Game Design as Play

Close up of a game of making it up as we go along, with the game board and various dice and wooden pieces in the foreground
Close up of a game of making it up as we go along, with the game board and various dice and wooden pieces in the foreground Photo of us playing Ninja at Abertay. Photo of a workshop run at the Overkill Festival. Here we're playing the game Fives. Photograph of the making it up as we go along zine I made for the Overkill Festival. The 'what happens if I...' game making tool in action, showing 2 objects colliding and a dialog asking the user what they want to happen when those objects collide.

Game Design as Play: Players as Designers is a research project I'm working on as part of my day job at Abertay University. This page provides a general introduction to the project; there is a more in-depth academic overview of the project available from the Abertay research repository (pdf).

Game Design as Play is a project looking at games that are designed by their players during play. With most games there is a clear hierarchy between the players and the game's designer(s); players play within the rules and structures set out by the game's designer(s). They may have more or less freedom to play within those structures, but ultimately they are not empowered to change the structures themselves.

I am interested in what happens when you try and flatten that hierarchy. What happens when players are empowered to change the rules and structures of a game? What kind of games arise? And what is necessary to support this kind of play?

This project is made up of 3 threads:

Folk Games

Folk games are games that are passed on by word of mouth, and usually played with minimal or no props. This makes it very easy for players to modify their rules. And that's exactly what happens with folk games; they naturally change and evolve as they are passed on. We see the same games being played all over the world, but with different names or different rules.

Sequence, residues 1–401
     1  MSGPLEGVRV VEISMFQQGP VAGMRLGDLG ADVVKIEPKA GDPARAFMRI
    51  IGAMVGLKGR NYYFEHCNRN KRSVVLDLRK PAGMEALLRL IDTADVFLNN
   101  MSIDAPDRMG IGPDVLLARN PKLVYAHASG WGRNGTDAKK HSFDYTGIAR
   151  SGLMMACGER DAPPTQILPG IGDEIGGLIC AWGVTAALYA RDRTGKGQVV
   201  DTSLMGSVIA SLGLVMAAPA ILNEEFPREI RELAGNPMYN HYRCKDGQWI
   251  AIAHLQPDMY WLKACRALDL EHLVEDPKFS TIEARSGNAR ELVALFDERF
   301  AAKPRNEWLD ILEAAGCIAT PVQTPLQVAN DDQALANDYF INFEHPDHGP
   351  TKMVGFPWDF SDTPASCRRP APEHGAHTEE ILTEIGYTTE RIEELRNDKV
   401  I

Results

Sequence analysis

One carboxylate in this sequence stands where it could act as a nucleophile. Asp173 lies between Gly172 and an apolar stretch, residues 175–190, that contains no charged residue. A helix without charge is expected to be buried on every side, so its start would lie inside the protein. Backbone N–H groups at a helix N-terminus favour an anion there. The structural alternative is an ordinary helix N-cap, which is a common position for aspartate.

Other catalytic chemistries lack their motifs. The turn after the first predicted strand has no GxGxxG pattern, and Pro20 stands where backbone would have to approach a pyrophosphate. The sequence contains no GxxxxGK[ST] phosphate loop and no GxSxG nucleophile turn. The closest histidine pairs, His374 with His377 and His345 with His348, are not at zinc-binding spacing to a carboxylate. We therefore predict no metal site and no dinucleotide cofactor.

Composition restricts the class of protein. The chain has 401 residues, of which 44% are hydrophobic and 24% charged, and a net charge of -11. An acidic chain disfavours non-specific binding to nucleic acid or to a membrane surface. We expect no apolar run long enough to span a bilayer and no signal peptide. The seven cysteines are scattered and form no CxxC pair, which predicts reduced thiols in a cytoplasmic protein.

Folk games are part of this project because in a lot of ways they are an already existing example of players acting as game designers. The Folk Games thread of this project consists of Folk Games Workshops, and a website collecting folk games I've played at workshops.

making it up as we go along

making it up as we go along is a game about changing the rules and inventing new ones, usually played as a physical/tabletop game. The game revolves around 5 rules written by the players themselves, which are repeatedly changed and modified as the game progresses.

This thread is the most direct embodiment of the core idea that players might act as designers during play. Players actively create, modify, and re-design the game as they play it. Indeed it isn't really much of a game until players start adding their own rules.

There's more info on the making it up as we go along page, in addition to a short 8-page zine on

what happens if I...

The first 2 threads focus on games that can be played in person, with whatever props are available to their players. what happens if I... is a tentative attempt to bring the principle of players acting as game designers during play into the digital domain.

Whereas with physical/tabletop games it's very easy for players to add or modify game rules and simply agree to abide by the new rules, videogames operate somewhat differently. Typically rules in videogames are part of the game's code and cannot be easily changed by players, and certainly not during play.

what happens if I... is therefore intended to be a game engine that can function as a digital/videogame version of making it up as we go along. It draws on the Step Through edit mode from 1994's Klik & Play to allow for a more exploratory, accessible way of creating videogames on the fly.

what happens if I... is currently in development. You can play with the current version at Bear in mind though that it is currently very limited, confusing, and lacking a number of core features.